Index to Chiropractic Literature
Index to Chiropractic Literature
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Sunday, May 16, 2021
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ID 26593
  Title Effect of posterior pelvic tilt taping on abdominal muscle thickness and lumbar lordosis in individuals with chronic low back pain and hyperlordosis: A single-group, repeated-measures trial
URL https://doi.org/10.1016/j.jcm.2020.07.001
Journal J Chiropr Med. 2020 Dec;19(4):213-221
Author(s)
Subject(s)
Peer Review Yes
Publication Type Article
Abstract/Notes

Objective: The purpose of this study was to investigate the effect of posterior pelvic tilt taping (PPTT) on lumbar lordosis, pain, disability, and abdominal muscle thickness in individuals with nonspecific chronic low back pain with hyperlordosis.

Methods: A prospective, single-group, repeated-measures design was conducted with 31 individuals with nonspecific chronic low back pain (16 men, 15 women) with hyperlordosis (mean ± SD = 59.3° ± 2.9°). Participants’ mean age, pain, disability, and lumbar lordosis were, respectively, 35.7 ± 9.9 years, 5.1 ± 1.3, 26.8 ± 11.5, and 59.3° ± 2.9°. The thickness of the abdominal muscles on both sides was measured in the crook lying position by ultrasound imaging. PPTT was performed on both sides. Pain intensity, functional disability, lumbar lordosis angle, and abdominal muscle thickness were measured before PPTT (W0), 1 week after PPTT (W1), and 1 week after PPTT removal (W2).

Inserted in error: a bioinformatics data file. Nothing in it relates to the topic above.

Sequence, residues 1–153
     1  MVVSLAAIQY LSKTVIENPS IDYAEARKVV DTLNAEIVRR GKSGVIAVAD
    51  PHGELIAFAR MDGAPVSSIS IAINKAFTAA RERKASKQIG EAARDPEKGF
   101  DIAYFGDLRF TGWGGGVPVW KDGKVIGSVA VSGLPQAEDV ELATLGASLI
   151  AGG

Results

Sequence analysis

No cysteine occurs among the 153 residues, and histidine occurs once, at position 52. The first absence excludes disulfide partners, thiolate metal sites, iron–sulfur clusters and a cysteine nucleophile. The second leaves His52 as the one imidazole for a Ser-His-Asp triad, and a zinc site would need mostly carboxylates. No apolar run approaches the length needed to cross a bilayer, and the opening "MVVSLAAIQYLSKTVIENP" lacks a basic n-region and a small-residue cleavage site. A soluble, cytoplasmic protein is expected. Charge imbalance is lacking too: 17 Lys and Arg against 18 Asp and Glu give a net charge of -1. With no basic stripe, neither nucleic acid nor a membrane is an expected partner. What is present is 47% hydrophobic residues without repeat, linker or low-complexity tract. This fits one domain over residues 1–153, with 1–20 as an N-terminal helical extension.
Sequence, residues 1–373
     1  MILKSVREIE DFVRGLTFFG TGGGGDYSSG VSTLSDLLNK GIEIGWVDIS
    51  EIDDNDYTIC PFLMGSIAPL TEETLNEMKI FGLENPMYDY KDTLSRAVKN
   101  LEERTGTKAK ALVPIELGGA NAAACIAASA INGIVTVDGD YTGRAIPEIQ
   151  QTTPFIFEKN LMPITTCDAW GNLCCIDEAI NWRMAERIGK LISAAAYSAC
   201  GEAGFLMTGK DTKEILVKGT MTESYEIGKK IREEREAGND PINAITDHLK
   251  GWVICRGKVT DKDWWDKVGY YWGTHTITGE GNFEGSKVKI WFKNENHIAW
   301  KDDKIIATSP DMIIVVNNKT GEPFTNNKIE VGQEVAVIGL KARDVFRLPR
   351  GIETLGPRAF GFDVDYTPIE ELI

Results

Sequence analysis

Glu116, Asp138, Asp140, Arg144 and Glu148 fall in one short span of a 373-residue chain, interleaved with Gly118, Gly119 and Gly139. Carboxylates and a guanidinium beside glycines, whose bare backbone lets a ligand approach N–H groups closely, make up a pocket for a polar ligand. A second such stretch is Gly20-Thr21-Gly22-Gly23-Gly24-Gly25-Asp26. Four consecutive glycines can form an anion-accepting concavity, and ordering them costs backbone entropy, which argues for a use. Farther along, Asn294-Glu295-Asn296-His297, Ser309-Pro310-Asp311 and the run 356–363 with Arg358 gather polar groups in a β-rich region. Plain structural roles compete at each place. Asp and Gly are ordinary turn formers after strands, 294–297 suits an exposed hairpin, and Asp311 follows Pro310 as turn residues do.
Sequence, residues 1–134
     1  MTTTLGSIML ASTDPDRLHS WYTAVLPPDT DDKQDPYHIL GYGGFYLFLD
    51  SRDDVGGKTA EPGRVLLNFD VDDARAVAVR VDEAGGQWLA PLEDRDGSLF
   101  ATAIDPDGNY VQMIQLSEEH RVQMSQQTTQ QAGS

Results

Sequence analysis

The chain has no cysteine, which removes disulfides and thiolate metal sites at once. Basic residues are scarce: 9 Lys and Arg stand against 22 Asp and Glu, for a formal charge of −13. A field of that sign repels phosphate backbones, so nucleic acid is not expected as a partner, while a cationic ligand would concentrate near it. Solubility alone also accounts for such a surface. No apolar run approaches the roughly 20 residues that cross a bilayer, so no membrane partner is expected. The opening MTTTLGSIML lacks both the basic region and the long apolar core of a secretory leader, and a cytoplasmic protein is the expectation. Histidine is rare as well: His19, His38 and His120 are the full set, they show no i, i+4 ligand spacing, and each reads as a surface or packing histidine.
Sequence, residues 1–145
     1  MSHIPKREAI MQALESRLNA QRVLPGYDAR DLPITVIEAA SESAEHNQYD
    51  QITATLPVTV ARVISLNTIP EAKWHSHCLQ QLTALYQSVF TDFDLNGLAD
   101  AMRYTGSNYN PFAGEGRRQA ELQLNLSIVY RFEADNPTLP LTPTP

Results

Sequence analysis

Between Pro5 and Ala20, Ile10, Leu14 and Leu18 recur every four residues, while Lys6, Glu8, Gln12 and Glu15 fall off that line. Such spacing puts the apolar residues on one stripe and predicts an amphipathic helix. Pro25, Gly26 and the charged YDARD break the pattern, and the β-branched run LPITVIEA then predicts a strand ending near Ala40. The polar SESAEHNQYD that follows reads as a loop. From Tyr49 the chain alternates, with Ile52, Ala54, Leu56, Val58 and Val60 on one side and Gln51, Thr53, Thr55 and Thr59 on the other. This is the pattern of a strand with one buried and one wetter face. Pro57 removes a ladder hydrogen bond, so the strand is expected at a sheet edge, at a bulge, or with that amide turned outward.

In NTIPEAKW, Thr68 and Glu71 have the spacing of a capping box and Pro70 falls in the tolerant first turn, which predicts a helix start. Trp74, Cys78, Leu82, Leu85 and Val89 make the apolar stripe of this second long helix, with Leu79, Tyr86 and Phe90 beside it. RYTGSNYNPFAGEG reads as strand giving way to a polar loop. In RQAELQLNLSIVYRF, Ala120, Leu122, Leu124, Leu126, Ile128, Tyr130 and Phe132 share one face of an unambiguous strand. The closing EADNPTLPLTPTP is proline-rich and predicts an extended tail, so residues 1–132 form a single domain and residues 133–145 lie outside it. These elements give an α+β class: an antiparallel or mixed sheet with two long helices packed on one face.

Results: Analysis revealed significant reductions in lumbar lordosis, pain, and disability, and increased abdominal muscle thickness, at W1 and W2 compared with W0 (P < .001). There were no significant differences in lumbar lordosis or abdominal muscle thickness between W1 and W2.

Conclusion: The current study showed in a small group of participants that 1 week of PPTT may improve lumbar lordosis, pain, disability, and abdominal muscle thickness in individuals with nonspecific chronic low back pain with hyperlordosis.

Author keywords: Athletic Tape; Chronic Pain; Lordosis; Muscle Thickness; Ultrasonography

Author affiliations: AB, IET, MA, HM, OR, RS: Rehabilitation Research Center, Department of Physical Therapy, School of Rehabilitation Sciences, Iran University of Medical Sciences, Tehran, Iran; OR: Department of Public Health and Nursing, Department of Mental Health, Faculty of Medicine and Health Sciences, Norwegian University of Science and Technology (NTNU), Trondheim, Norway

This abstract is reproduced with the permission of the publisher; full text is available by subscription.  PubMed Record | PubMed Central Record [June 1, 2021]


 

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